Boiling and steaming do not typically form acrylamide. *Check website below to learn how to limit acrylamide in your diet.
What does Acrylamide have to do with roasted nuts?
Acrylamide can indeed form when nuts are roasted, although the amount varies not only by degree of roasting but also by the type of nut. One 2005 study, for example, found higher levels in dark roasted almonds from the US…”(16)
“Testing by the US Food and Drug Administration has found wide variations in acrylamide content not only by food type but by brand. Levels in cashews and peanuts were very low or undetectable. Acrylamide amounts in almonds were higher but generally lower than in potato chips.”(16)
According to livingnutz.com, almonds have high amounts of asparagine, which can create potential health threats when roasted. Their recommendation, eat them raw.
USDA researching new pasteurization methods.
Although we have determined that roasting nuts may deprive us of nutrients, and subject us to acrylamide, at least the USDA is researching new heat techniques to deal with the PPO problem. They have been testing methods of using hot air roasting and infrared heat to more efficiently rid nuts, like almonds, of bacteria.
Based on my research, I’ll stick with raw organic nuts. But if you’re interested in the research, check out the link below:
Best nut for your buck!
Organic nuts are pricey, but obviously worth the money for peace of mind and a healthy body. Whether you buy them at the grocery store or a quaint corner market, eating a variety of nuts, which are high in fat but low in saturated fat, in moderation, is really good for you.
Since all nuts are not created equal, we get a variety of nutrients and antioxidants from eating different types of nuts and seeds. According to health.com, a 2004 review in the Harvard Medical School Family Health Guide concluded that a mixture of nuts fits the bill, especially if they are raw and unsalted.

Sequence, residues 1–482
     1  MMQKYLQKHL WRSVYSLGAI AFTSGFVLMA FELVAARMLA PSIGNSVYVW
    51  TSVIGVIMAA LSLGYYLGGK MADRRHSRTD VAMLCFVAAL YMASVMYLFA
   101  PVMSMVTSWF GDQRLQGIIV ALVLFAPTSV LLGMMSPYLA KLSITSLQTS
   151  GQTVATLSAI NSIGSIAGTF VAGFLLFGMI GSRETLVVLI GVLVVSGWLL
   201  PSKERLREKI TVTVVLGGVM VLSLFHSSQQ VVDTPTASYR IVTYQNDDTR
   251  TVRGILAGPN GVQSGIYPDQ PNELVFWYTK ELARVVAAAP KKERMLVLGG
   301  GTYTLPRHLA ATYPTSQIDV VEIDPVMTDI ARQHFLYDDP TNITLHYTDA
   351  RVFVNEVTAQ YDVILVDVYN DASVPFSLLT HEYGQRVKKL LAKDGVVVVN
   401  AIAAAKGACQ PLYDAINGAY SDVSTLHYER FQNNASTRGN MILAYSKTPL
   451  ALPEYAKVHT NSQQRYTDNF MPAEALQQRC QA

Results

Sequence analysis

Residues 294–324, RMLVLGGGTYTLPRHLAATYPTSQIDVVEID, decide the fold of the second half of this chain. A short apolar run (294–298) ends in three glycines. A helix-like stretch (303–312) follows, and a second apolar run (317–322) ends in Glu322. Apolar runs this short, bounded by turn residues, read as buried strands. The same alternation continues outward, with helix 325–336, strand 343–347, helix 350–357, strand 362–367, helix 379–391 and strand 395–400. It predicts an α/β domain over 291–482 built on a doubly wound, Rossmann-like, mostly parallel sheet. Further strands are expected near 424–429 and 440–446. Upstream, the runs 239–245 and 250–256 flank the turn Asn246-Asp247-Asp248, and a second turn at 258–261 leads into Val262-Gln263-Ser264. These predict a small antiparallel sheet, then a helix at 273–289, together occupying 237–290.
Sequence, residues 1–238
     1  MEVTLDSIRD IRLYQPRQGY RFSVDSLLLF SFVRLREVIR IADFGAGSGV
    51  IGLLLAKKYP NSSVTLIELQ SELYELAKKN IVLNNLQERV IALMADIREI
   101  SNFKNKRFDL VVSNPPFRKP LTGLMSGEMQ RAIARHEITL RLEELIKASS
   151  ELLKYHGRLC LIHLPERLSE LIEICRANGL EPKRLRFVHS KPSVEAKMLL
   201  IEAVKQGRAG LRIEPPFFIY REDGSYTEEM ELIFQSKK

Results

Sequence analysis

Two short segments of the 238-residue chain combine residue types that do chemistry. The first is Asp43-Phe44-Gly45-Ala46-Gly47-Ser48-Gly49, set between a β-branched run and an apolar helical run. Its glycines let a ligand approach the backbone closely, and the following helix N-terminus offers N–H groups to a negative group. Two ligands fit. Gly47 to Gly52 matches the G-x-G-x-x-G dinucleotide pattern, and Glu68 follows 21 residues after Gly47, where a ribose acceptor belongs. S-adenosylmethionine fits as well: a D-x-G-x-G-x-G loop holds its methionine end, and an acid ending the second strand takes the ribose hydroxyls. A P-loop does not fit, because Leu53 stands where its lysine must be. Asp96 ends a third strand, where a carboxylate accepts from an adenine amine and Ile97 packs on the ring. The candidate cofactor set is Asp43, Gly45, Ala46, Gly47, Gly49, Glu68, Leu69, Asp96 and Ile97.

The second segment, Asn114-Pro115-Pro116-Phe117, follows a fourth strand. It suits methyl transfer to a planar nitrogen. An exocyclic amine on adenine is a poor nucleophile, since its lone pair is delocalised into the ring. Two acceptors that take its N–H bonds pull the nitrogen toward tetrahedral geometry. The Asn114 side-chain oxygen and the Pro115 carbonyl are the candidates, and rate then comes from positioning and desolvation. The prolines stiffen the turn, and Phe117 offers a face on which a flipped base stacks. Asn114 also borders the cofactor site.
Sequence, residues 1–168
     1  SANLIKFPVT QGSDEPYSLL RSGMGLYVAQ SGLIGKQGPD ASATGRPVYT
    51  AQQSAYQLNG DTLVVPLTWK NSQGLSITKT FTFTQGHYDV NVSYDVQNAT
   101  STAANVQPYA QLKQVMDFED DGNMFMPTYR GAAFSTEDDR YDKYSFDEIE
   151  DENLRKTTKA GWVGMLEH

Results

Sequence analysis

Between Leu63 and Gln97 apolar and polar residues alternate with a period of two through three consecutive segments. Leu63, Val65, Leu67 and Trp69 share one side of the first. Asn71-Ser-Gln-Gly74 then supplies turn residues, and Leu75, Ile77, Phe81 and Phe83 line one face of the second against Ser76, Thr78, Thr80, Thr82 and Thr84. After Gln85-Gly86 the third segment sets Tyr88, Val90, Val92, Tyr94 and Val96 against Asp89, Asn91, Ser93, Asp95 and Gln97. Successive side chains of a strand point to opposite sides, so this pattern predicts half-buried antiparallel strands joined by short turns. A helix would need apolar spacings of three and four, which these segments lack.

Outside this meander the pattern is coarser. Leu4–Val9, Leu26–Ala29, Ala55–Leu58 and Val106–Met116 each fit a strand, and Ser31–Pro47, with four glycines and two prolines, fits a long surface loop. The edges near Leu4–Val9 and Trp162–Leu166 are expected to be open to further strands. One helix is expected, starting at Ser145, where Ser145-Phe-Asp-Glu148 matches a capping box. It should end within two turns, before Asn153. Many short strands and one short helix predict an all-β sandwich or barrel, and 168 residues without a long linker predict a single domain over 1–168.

Keep your nuts cool!
The best way to store nuts is to refrigerate or freeze them; why would you risk your nuts going rancid after taking all that time to be educated on ‘to roast or to raw’. You can get a year out of nuts in the fridge, and up to 2 years in the freezer. If you leave them out at room temperature, you may only get a few months, and make sure there’s no humidity in the house. *Check website below for table on storing nuts.
Personally, I love my nuts cold; they’re crunchier! I love nuts as a snack, and without a doubt on salads and cereal. My bigger problem is not eating too many! Being educated about our food seems necessary in today’s world. Whether you choose raw over roasted, organic over natural; whether chemicals scare you or you brush them off, as always, it’s your decision to make, which is a wonderful privilege! So follow your conscience, listen to your body, and choose the best nut for you; and above all, enjoy!
*Limit Acrylamide in diet: http://www.fda.gov/ForConsumers/ConsumerUpdates/ucm374855.htm
*Nut Storage: http://ucfoodsafety.ucdavis.edu/files/44384.pdf
(15) http://www.fda.gov/Food/FoodborneIllnessContaminants/ ChemicalContaminants/ucm053569.htm